Ultimately, my beliefs regarding Christian baptism changed and were strengthened. When I went

through this writing process I had no knowledge of writing as a learning technology, but I still reaped

the benefits. The realization of the power behind the writing process helped me to utilize it as a tool

with the readings this semester.
Although I have done some teaching, I am not a teacher. Understanding learning theories has

been a challenge. I have wondered the challenge is due to not having a background in education. In

my past experience, I primarily solved computer related problems. I have been a student in academic

and corporate training classes, but I never took the time to consider how people learn or how

instructional materials are created and delivered. Purhaps having a different perspective from

professional educators could be beneficial to me as a designer. I have worked in real-world

environments alongside of other professionals. I understand challenges that are encountered in the

workplace, such as deadlines, corporate structure, frustrations with management, and time constraints.
Going through this class has made me aware that a strong grasp of learning theories is

beneficial for instructional designers. Terms from this course have been overwhelming, but I now find

myself thinking about the learning theories in other situations. For example, I had encounters at work

where the administrator pushed to obtain technology as a novelty. The belief was that the school

needed to stay on the cutting edge in order for students to continue learning. Prior to starting the IT

program, I might have followed along with blind excitement. However, I was able to draw upon the

Clark and Kozma debate, explain that the media was not as important as the instructional methods, and

I questioned how the tools would be used. Plans have since been revised to focus first on identifying

how the tools will be used prior to making a large costly purchase.
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Edelson described research design as “a process in which design plays a critical role in the

development of theories, not just their evaluation. In this theory development approach, the design

researches begin with a set of hypotheses and principles that they use to guide a design process."

(Edelson, 2002, p. 106) Edelson's statement has me thinking back on my exploration metaphor. Our

class began the semester by brainstorming the basic ideas for our design project. We came up with the

topic, the audience, purpose, etc. In a sense, I see the initial brainstorming ideas as the hypotheses or

the start of our journeys. We researched learning theories and made discoveries as we attempted to

make connections to the design. I observed that the design process almost seems to be filled with more

questions than answers. A simple question like, “How will the instruction be delivered?” seems as if it

could be answered by an unlimited stream of “What if...?” questions. Perhaps this is where Edelson's

statement that “design is a sequence of decisions made to balance goals and constraints” (p. 108) comes

into play.
In my metaphor, I also spoke of being presented with multiple paths. When standing before a

forking trail, the correct route may not always seem clear. There is a benefit of taking chances,

experimenting, and simply making a decision. Edelson explained that new knowledge is acquired

when design decisions are made, regardless of the results (2002). An example of this can be seen in my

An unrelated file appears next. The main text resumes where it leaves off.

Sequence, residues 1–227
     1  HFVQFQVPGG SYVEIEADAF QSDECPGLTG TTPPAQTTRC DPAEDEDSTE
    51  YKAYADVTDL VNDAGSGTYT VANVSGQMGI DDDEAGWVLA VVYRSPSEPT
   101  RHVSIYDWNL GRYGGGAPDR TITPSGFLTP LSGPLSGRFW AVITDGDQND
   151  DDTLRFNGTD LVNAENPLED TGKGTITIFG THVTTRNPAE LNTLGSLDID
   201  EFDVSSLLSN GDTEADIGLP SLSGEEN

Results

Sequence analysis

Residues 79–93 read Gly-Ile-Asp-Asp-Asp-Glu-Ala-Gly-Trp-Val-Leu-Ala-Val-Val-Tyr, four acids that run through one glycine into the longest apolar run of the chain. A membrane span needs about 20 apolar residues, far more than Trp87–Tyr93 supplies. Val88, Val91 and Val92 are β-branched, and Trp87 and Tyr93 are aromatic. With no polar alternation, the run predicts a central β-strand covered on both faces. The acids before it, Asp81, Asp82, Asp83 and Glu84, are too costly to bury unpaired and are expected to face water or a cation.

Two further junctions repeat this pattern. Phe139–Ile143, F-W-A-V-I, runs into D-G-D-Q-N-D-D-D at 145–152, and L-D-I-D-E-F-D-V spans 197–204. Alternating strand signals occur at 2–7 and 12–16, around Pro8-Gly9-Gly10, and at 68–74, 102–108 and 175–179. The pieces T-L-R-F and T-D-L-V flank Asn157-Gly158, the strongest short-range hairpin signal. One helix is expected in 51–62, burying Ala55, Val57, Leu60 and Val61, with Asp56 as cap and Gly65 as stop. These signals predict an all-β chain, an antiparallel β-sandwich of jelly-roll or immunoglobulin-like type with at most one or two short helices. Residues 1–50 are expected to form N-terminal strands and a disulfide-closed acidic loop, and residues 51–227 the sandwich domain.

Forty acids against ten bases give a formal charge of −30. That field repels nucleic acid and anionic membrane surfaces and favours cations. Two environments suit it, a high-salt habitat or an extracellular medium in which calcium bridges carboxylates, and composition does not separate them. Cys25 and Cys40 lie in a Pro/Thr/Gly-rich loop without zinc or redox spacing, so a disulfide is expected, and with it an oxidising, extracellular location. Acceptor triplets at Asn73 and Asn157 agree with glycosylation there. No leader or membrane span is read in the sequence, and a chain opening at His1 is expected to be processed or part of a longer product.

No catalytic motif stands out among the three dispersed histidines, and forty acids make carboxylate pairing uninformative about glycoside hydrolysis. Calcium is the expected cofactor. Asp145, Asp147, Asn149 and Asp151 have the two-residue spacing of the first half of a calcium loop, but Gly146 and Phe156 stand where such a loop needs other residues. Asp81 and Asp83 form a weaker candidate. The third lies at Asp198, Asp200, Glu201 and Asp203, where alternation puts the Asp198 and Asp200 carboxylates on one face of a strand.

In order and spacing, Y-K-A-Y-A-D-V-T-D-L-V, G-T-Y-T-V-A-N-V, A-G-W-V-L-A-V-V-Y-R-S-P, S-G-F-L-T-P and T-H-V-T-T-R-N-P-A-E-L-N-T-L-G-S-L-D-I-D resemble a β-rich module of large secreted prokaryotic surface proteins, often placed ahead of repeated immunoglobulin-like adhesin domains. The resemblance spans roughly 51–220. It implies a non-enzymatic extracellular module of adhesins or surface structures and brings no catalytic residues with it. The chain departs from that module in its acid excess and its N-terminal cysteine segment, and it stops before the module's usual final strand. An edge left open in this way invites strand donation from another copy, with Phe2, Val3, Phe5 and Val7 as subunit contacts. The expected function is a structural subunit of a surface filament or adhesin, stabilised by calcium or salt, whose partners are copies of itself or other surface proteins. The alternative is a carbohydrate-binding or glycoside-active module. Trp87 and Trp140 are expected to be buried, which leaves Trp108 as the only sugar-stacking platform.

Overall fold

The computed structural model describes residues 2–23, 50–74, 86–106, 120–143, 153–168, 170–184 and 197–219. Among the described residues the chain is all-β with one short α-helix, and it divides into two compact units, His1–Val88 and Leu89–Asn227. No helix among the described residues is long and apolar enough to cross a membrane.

struggle early on regarding the context of the instruction. I first wrestled with the idea of whether the

instruction should be delivered via a video presentation, classroom based instruction, or an self-guided

online tutorial. I then looked at learning theories and settled on a PBL approach. The desired outcome

of PBL is for the learner to gain a flexible knowledge that can be applied to other tasks (Lin, 2001). As

of this writing, my decisions are untested so I do not know if they will be successful or not. After the

design is implemented, I can analyze its success or failure. I can then reevaluate and revise the design.
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Conclusion
This project has helped me to see that there can be more than one way to design instruction and

I have a better understanding of how people learn. In IT510, I learned the MRKK model of

instructional design. I began to approach this project in the same manner. However, I am happy that I

was pushed to explore and disvover new ideas. It seems that a designer can approach design by

blending various design principals to best suit his design style, the target audience, and the instructional

topic. Mistakes will happen, but the designer learns through the process. Existing instructional

materials may be revised based on new knowledge and future projects will be influenced by the

designer’s experiences.
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References
Artino, A. R. (2008). A brief analysis of research on problem-based learning. Eric document #

ED501593. Retrieved August 2, 2008, from

http://www.eric.ed.gov/contentdelivery/servlet/ERICServlet?accno=ED501593.
Brown, J. S., Collins, A., & Duguid, P. (1989). Situated cognition and the culture of learning.

Educational Leadership, 18 (1), 32-42.
Clark, R. E. (2001). The media versus methods issue. In R.E. Clark (Ed.), Learning from media:

Arguments, analysis, and evidence (pp. 179-198). Greenwich, CN: Information Age Publishing.
Collins, J. (2004). Education techniques for lifelong learning: Principles of adult learning.

RadioGraphics, 24(5) 1483-1489.
Edelson, D. C. (2002). Design research: What we learn when we engage in design. The Journal of the

Learning Sciences, 11(1), 105-121.
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Lin, X. (2001). Designing metacognitive activities. Educational Technology Research and